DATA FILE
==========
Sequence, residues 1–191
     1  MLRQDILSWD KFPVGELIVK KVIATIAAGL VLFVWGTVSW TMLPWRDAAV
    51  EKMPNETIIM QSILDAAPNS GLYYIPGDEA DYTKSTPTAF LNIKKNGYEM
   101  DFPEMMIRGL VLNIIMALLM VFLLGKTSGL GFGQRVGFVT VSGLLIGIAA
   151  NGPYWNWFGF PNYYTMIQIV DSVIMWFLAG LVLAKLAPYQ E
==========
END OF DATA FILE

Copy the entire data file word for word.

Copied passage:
Sequence, residues 1–191
     1  MLRQDILSWD KFPVGELIVK KVIATIAAGL VLFVWGTVSW TMLPWRDAAV
    51  EKMPNETIIM QSILDAAPNS GLYYIPGDEA DYTKSTPTAF LNIKKNGYEM
   101  DFPEMMIRGL VLNIIMALLM VFLLGKTSGL GFGQRVGFVT VSGLLIGIAA
   151  NGPYWNWFGF PNYYTMIQIV DSVIMWFLAG LVLAKLAPYQ E